On at least three occasions in 2007, surgeons at one Rhode Island hospital operated on the wrong side of their patients' heads. In one case, a resident neurosurgeon inserted a scalpel into the head of an 82-year-old patient. The surgeon noticed the error before reaching the skull and stitched up the wound, but the state health department fined the hospital $50,000.
This sort of error is not terrifically rare. Based on malpractice judgments and out-of-court settlements for things like operating on the wrong side of a patient, or on the wrong patient, or leaving a sponge or other surgical object inside of a patient, researchers at Johns Hopkins estimate that such errors—called "never events" by hospital risk managers—occur not never, but more than 4,000 times in the U.S. every year.
In recent years, the vogue solution in preventing this sort of error has been a seemingly simple one: using checklists. The idea is that using checklists could prevent this sort of surgical error, and their associated (often massive) costs.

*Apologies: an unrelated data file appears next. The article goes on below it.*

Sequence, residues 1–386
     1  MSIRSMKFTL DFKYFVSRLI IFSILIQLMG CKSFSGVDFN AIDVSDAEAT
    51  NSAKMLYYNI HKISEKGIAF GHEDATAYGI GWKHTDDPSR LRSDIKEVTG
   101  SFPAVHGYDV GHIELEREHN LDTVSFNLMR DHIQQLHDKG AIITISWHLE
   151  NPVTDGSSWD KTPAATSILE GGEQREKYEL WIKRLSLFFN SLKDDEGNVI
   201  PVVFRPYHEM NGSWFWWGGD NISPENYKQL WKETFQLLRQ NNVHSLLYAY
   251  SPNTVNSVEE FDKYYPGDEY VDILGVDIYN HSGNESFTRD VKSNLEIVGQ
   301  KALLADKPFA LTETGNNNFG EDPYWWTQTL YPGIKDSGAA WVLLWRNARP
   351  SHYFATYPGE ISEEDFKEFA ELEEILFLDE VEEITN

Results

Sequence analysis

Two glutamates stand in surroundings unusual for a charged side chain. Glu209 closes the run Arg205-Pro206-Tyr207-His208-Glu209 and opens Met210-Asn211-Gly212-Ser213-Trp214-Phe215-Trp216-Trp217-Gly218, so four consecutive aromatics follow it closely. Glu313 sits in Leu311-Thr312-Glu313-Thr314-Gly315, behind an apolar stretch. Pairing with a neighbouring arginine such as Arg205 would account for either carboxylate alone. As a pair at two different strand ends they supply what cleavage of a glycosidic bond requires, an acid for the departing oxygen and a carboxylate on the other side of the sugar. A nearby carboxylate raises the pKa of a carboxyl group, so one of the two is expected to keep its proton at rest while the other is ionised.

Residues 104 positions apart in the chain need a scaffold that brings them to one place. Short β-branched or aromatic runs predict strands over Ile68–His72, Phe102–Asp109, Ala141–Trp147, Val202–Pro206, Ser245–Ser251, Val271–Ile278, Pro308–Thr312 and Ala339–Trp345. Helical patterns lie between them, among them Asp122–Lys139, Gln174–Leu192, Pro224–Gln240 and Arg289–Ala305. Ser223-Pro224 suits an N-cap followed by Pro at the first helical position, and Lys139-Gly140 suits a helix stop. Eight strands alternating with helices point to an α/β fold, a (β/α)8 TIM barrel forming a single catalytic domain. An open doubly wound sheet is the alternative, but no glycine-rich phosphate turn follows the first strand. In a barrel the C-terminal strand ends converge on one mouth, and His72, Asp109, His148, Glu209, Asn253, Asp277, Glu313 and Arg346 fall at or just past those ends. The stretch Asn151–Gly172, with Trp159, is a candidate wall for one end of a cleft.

The idea became widely popular in 2009, after surgeon and Harvard professor Atul Gawande published a book called The Checklist Manifesto that, true to its title, implored doctors to use even basic checklists to avoid egregious errors of omission. And, ideally, all errors. It was based on research he published in the New England Journal of Medicine in January of the same year, which found that implementing a system of checklists to ensure basic safety standards is extremely effective. In fact, use of a straightforward 19-point checklist was able to decrease the rate of death in or after surgery by almost half.